Commonly called ringing in the ears, tinnitus is either heard in the ears or felt in the head as a ringing, buzzing, or high-pitched musical hissing sound. Auditory hallucinations of voices or tunes have different causes and are not included under this term.
Fever-producing illnesses, alcohol and tobacco consumption, extreme fatigue, and general ill-health can cause temporary ringing in the ears which soon settles and is of no consequence. Tinnitus, however, may indicate a more serious condition. With the help of Sonus complete, you can get all these symptoms of tinnitus under control. This way you can control the symptoms and protect your ear from receiving any damage.
Ringing in both ears may be an early sign of damage caused by drugs or by noise-induced hearing loss. Tinnitus confined to one side may indicate an acoustic neuroma, a tumor that develops on the nerve of hearing. Any localized disorder of one of the ears such as excessive wax or middle ear infection will similarly produce one-sided tinnitus. At times disorders of the neck, teeth, and the temporomandibular joint will produce ringing in the ears, often with a localized pain
Other important causes of ringing in the ears are Meniere’s disease, otosclerosis, and presbyacusis. Meniere’s disease is associated with dilatation of fluid-filled channels of the cochlea or inner ear; the tinnitus is accompanied by vertigo and hearing loss. Otosclerosis is a condition in which new bone forms on the innermost ossicle, the stapes, and over the cochlea causing conductive hearing loss. Presbyacusis occurs to a variable extent in all people; it relates to a decrease in efficiency of the cochlear functioning, primarily from wear and tear. Tinnitus associated with presbyacusis will probably continue throughout life.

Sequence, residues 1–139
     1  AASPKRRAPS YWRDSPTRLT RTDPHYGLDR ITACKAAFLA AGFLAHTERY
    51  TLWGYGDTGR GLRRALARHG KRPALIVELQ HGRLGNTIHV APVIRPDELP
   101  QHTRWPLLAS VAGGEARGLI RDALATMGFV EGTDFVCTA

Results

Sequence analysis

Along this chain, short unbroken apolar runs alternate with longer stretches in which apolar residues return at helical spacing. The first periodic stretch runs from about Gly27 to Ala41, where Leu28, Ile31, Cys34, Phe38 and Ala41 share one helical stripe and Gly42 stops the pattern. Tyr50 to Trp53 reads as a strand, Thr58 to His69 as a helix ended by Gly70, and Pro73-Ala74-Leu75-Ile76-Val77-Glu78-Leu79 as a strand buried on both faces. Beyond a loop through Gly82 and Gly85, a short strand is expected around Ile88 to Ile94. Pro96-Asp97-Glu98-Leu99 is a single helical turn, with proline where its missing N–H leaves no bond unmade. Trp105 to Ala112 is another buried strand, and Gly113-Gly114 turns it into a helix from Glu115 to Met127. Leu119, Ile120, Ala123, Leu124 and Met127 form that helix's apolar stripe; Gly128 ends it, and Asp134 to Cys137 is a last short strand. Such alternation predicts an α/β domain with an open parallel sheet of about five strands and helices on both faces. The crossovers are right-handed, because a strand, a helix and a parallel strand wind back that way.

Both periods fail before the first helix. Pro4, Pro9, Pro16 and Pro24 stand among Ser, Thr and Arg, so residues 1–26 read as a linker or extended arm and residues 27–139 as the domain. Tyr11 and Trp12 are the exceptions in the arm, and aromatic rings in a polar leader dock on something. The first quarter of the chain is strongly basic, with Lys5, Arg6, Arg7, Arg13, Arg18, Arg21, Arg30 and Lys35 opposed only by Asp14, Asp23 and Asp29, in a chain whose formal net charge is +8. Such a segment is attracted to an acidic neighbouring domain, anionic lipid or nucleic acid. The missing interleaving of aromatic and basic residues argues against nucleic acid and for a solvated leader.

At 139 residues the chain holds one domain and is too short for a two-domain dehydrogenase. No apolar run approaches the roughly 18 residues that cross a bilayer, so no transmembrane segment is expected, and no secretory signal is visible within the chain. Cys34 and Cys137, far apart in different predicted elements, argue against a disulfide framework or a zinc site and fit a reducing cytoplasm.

Treatment is directed at the specific cause. When the ringing is on one side a local disorder may be the cause. Infections and excessive wax are easily identified and dealt with, but an acoustic neuroma may be more difficult to diagnose.
When tinnitus occurs on both sides, potentially ototoxic (toxic to the ear) drugs should not be used or the dosage should at least be reduced. If the ringing has a definite pulsation to it, excessive blood flow near the middle or inner ear is likely. This may be caused by high blood pressure, an inflammatory process, or occasionally a tumor.
If no obvious cause is found, audiometry is usually undertaken to assess sound conduction and cochlear function.
When the underlying condition cannot be treated, such as with presbyacusis, reassurance and explanation are important. If the tinnitus is particularly severe at night, sedatives may be useful. Drugs used occasionally to treat tinnitus include lignocaine (which is given by vein), carbamazepine, and phenytoin.